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Some Notes on William Moulton Marston, Wonder Woman, and Loving D/s

Version 1
First posted here on September 24, 2022

This was originally part of my Marginalia on the Old Guard, Leather Traditions, and BDSM History article written in 2006. I moved the content to its own page in September 2022.

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Dr. William Moulton Marston (1893 – 1947) is known today for being the inventor of the lie detector (or least one of its major contributors), the founder of the DiSC theory of psychology, an early practioner of loving non-monogamy, and the creator of the super-heroine Wonder Woman.

Marston lived in what we would today call a polyamorous triad with his wife --- Elizabeth Holloway Marston --- and his lover --- Olive Byrne. They shared a household together with the children Marston sired with both ladies. (The married couple formerly adopted his children by Olive Byrne.) Sheldon Mayer, his editor at DC Comics, said that Marston had "a family relationship with a lot of women, yet it was male-dominated." After his death, Elizabeth and Olive continued to run the household together to the end. (Daniels)

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Psychological Theories

Marston's psychological theories anticipated beliefs and practices of the Leather and BDSM in later generations. Geoffrey C. Bunn wrote that Marston utilizes "the political and sexual connotations of dominance and submission" in his writing. (Daniels)

In his book Emotions of Normal People (1928), he sought to divide human behavior into four elementary behavior units: dominance, compliance, submission, and inducement. His four "emotions."Marston believed people behaved along two axes: 1) their peception of their environment as favourable or antagonistic, and 2) their response to their environment as active or passive. Depending on where they belonged along these two axis, ther behavor fell into one of four quadrants, each describing one of four "emotions" (which he meant to mean behavioral patterns):

  1. Dominance produces activity in an antagonistic environment
  2. Inducement produces activity in a favourable environment
  3. Submission produces passivity in a favourable environment
  4. Compliance produces passivity in an antagonistic environment.
A circle divided into quarters by two axis: antagonistic/favorable and active/passive.  The four quarters correspond to the four emotions

In addition, Marston examined how people with different emotions interacted: Dominance and Submission, Inducement and Compliance, Dominance and Compliance, etc., These intetactions are power relationships --- or what the Leather and BDSM communities recognize as "Power Exchanges."

This became the basis of the DISC-Theory. (In a later evolutions of the theory, the term Submission was replaced by Steadiness.)

After the publication of his book, Marston gravitated away from academic writing and toward the popular press. But his fascination with the four emotions continued to evolve:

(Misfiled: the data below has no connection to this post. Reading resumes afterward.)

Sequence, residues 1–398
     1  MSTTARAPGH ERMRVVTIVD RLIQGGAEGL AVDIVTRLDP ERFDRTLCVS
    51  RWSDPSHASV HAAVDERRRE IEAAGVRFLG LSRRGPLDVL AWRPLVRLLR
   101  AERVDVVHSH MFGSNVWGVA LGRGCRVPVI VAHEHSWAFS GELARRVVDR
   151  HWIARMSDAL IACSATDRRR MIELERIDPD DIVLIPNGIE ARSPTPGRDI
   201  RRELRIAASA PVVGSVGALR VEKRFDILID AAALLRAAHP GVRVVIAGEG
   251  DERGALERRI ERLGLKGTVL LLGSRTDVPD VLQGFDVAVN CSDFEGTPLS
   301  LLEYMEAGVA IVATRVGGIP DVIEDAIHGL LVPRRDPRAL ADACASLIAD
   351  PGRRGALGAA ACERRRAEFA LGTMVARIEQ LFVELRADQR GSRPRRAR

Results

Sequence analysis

• Conducting a scientific study on a sorority hazing ritual at Jackson college, Marston noted that "the strongest and most pleasant captivation emotion was experienced during a struggle with girls who were trying to escape from their captivity." (Daniels)
  • In reviewing the 1923 film The Hunchback of Norte Dame, Marston concluded that one scene in which the film's heroine is whipped wearing only a chemise and with her hands bound behind her caused "a strong, disguised captivation emotion in the minds of the audience." (Daniels)
  • In Venus with us, a historical novel about Julius Caesar, Marston includes numerous erotic scene of bondage and submission. At one point he writes "His soul was lost in beautiful, palpitating dreams of serving her glorious womanhood forever .... Those wonderful feet!" and at another he writes "I've only been your slave a short time -- but I have a felling I'm going to like it!" (Daniels)
  • Marston believed that women were less susceptible to aggression and greed than men. He stated that America would become a matriarchy. In an interview in the New York Times, he predicted that "the next one hundred years will see the beginning of an American matriarchy -- a nation of Amazons in the psychological rather than physical sense." He added that "women would take over the rule of the country, politically and economically." (Daniels)
  • Marston wrote that "submission in love belongs to the man and not the woman." (Daniels)

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Wonder Woman

One of the many, many, many illustrations of Wonder Woman in bondage

William Moulton Marston was a keen observer of popular culture. After he wrote an article criticizing comics and their influence on young minds in 1941, All-American Comics editor Max C. Gaines invited him to offer his advice on ways to make comics more psychologically beneficial for young readers. This led Marston to develop Wonder Woman.

He signed his strip as Charles Moulton, a combination of his and Max Gaines' middle names.

Five months after her debut, Wonder Woman was rated a 40-to-1 favourite over her nearest male superhero rival in a readers' poll conducted by the publishers.

For Marston, Wonder Woman was not primarily a role model for girls, but the vehicle through which he would get young boys used to the idea of strong, dominating women. He believed that the next century would see the subjugation of men by women, and that, through domination, women would create a more loving society: